39 Zkpilot : The ones walking about the cabin are a separate issue to this couple who were in their seats. It is Qantas policy that all passengers have their seat
40 WunalaYann : What this story is telling me is that we need to change the "seatbelt sign on/seatbelt sign off" system into something that actually spells out the co
41 EK413 : QF is being sued for the amount of $100,000... Agreed 100% Agreed 100% Just curious to know if this is the beginning of a lawsuit from the remaining
42 EDICHC : The extent of injuries while significant for the persons concerned, have no bearing in establishing liability. I think you will find that in civil la
43 TravellerPlus : From memory, Qantas screw say that it is a "Qantas requirement" to keep your seat belt on at all times in the safety briefing. Then, when the seat be
44 HZ747300 : I agree with this. And I do agree that they should be compensated for their medical expenses because it was a fault with the airline (it's the plane'
45 Smi0006 : I presume the QF mainline PAs were the same as the ones over at the link; Safety Demo Ladies and gentlemen it is important that you are familiar with
46 SFOnative : Point taken, but what does this have to do with what I pointed out in my comment? I was referring to the "locker" or overhead bin which apparently sh
47 TravellerPlus : A friend e-mailed me some graphic interior pictures of QF72. They clearly showed lockers with doors ripped off, broken toilet seats, holes in ceiling
48 Readytotaxi : At least it would be yours.
49 WunalaYann : Understood. That's my point, though. The seatbelt sign should never be off. There should be another sign, on top of it, that says "you can move aroun
50 Avek00 : It's worth remembering that, as an international flight, either the Warsaw or Montreal Conventions apply. If the experience of the plaintiffs is deeme
51 Zkpilot : It is a Qantas requirement, it is announced as such to the passengers several times. In aviation it IS A LEGAL requirement that passengers follow any
52 AirNZ : Quite a generalisation there, and particularly showing you really don't know how things work in reality. Equally, the pax are asking for compensation
53 GarethW : Please don't patronize me, along with other posters who share their opinions. It's childish and doesn't contribute positively to the thread. Let's ju
54 QANTAS077 : ok..so lets say the passenger undid their seat-belt at the very time the incident occurred with the vision of getting up and going to the toilet, the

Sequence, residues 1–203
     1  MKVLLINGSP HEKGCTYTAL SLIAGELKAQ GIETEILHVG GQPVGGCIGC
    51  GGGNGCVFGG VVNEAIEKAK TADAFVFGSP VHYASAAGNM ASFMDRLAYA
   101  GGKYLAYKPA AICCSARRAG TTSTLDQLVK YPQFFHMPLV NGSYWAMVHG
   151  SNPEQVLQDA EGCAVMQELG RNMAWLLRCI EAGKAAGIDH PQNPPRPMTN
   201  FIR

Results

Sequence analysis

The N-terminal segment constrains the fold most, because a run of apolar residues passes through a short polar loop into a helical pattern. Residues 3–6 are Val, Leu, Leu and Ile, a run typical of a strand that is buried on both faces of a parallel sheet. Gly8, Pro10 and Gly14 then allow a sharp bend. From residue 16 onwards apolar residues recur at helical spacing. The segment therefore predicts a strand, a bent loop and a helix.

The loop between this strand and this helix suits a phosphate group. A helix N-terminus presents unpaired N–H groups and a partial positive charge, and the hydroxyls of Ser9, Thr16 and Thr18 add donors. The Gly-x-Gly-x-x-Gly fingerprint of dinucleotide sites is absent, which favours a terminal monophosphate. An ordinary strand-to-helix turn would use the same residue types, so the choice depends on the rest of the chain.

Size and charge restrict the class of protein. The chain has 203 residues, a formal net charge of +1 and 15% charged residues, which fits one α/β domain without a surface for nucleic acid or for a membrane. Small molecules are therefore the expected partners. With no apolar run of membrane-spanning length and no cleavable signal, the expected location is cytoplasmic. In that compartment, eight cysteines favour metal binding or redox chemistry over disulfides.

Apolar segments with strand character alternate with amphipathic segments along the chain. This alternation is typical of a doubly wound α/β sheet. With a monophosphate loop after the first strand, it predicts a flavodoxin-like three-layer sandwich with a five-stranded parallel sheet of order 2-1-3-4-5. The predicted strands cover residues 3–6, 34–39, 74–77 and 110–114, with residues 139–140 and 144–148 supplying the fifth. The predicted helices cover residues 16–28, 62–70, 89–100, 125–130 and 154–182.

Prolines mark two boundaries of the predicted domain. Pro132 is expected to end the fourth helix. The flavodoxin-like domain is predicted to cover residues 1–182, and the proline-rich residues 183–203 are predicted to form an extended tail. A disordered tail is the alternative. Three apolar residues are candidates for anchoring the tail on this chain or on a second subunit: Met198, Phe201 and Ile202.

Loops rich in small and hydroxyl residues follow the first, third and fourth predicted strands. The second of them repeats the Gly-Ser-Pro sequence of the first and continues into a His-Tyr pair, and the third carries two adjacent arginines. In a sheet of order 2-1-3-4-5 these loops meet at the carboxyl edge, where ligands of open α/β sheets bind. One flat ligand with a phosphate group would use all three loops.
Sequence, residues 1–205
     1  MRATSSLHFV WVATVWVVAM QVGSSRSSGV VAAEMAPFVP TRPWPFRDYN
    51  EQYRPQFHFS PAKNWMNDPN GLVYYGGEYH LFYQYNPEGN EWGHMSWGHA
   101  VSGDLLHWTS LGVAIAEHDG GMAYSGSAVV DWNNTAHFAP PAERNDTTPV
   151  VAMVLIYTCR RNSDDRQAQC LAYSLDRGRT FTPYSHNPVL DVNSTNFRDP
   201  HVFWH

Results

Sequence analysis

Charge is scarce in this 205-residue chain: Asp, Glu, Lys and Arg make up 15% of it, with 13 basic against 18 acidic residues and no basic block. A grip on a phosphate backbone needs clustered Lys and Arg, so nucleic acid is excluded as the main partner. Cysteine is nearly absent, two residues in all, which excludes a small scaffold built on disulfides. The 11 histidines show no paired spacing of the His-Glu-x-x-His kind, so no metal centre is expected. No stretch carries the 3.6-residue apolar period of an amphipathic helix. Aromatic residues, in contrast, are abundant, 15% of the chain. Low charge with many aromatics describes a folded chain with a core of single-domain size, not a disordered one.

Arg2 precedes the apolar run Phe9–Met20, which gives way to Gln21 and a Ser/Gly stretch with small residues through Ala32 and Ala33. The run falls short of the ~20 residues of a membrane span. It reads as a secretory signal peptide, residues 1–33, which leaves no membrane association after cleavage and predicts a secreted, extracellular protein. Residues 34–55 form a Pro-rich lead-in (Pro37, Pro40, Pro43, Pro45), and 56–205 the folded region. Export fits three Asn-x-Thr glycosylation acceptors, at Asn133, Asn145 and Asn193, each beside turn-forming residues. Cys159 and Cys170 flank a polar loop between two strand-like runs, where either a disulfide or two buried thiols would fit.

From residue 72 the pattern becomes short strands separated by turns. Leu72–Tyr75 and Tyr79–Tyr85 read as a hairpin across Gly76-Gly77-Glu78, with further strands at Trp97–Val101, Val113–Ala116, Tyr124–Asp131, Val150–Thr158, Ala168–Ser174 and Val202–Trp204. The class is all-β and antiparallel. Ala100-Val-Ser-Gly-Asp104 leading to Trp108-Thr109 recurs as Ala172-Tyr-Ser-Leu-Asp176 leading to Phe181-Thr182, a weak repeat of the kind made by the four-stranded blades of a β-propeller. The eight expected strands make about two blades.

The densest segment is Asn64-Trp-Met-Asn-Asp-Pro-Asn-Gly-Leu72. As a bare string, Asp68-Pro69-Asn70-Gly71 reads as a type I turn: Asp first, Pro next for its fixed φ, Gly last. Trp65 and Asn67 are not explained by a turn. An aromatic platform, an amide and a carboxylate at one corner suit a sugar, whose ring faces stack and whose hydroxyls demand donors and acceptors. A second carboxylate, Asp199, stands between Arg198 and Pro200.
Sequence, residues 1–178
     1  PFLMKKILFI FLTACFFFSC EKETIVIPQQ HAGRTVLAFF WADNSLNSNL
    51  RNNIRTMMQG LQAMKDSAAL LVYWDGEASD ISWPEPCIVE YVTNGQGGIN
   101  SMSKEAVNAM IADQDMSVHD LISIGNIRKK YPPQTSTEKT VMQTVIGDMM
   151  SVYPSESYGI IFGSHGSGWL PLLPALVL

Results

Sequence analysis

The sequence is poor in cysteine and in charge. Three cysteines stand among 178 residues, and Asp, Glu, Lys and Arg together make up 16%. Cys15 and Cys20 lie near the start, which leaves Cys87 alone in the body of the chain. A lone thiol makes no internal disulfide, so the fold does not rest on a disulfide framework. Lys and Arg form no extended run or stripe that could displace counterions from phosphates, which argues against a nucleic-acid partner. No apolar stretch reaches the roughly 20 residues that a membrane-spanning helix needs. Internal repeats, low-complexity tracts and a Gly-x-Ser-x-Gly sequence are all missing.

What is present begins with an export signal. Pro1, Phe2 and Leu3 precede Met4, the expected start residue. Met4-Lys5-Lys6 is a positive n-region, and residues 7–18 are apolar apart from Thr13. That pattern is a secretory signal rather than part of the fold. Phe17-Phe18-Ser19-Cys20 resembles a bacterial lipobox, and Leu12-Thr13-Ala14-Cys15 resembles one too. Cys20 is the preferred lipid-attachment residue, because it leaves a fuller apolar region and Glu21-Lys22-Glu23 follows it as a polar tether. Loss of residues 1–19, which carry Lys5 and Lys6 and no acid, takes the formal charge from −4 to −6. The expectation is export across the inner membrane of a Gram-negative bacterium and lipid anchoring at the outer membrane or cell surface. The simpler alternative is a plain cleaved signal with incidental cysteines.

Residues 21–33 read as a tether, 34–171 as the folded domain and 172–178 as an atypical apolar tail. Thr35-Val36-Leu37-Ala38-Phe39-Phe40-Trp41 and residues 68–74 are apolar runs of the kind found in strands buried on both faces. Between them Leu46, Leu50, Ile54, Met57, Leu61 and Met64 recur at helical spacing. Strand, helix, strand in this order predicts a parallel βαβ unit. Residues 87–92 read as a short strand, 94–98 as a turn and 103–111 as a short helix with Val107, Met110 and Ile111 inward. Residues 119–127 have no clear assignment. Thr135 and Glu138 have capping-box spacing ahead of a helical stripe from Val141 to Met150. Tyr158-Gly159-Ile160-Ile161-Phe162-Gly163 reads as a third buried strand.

55 Ikramerica : Ding, ding, ding. As I said above, if an airline wants you to keep your belt on at all times, then they should have a visible cue signifying that, on
56 Zkpilot : Well thats just picking at red herrings now isn't it?! If they are standing (even if it is where their seat is) then they are ok because they aren't
57 SunriseValley : In the event that a lawsuit was launched and came to trial and If the fault was proven to be that of Airbus, and the plaintiff's do not name Airbus i
58 TG992 : Unbelievable that some should jump in with their holier-than-thou condemnation of this elderly, inexperienced couple before even reading the article p
59 Post contains images DingDong : Oh, please. My own parents are elderly, but that does not make them any less intelligent than when they were younger. They understand the concept of
60 DL767captain : Even with a fractured spine why on earth would i sue the airline? That just doesn't make any sense, it's in no way the airline's fault that the plane
61 Gemuser : Wouldn't bet on this, maybe your right, maybe not. Under Oz law negileance HAS to be established before the claim can proceede. The Conventions may a
62 Trex8 : if it were in the US some lawyer will argue that the airline should have made sure their belts were on. after all individuals bear no responsibility
63 Ikramerica : Equipment malfunction is not an act of God. Now, is it QF or Airbus at fault? That's for the courts to decide, but from all accounts, this incident w
64 Gemuser : It COULD be an act of god. Depends on circumstances, not making any comment about the current case, but if the equipment malfunction could not REASON
65 DL767captain : Haha it will turn in to disney land where they have to check everyone's belt before they leave!
Top Of Page
Forum Index

This topic is archived and can not be replied to any more.

Printer friendly format

Similar topics:More similar topics...
Qantas 747SP's Being Dropped For A330's?! posted Wed Dec 5 2001 23:35:25 by EGFF
CO Being Sued By Passenger Due To FA Harrasment posted Thu Jul 17 2008 16:48:15 by Dutchflyboi
Why Qantas 747 Towed Over To Southside LAX posted Fri May 2 2008 10:35:29 by Access-Air
B6, TSA Sued Over Arabic T-shirt Incident posted Fri Aug 10 2007 19:00:52 by PROSA
Qantas Rejects Take Over Bid posted Wed Dec 13 2006 00:21:32 by Planemanofnz
Cessna Being Sued For 25 Million posted Tue Oct 10 2006 02:25:30 by Virgin747
Jennifer Lopez Sued Over Jet Bills posted Sat Oct 7 2006 05:04:50 by FlyingTexan
Southwest/Boeing Being Sued? posted Tue Apr 11 2006 10:03:48 by BoeingFever777
Bombardier, GE Sued Over 2004 NW Crash posted Wed Jan 11 2006 00:22:59 by Premobrimo
Hooters Air Being Sued posted Thu Jun 16 2005 03:52:05 by Garnetpalmetto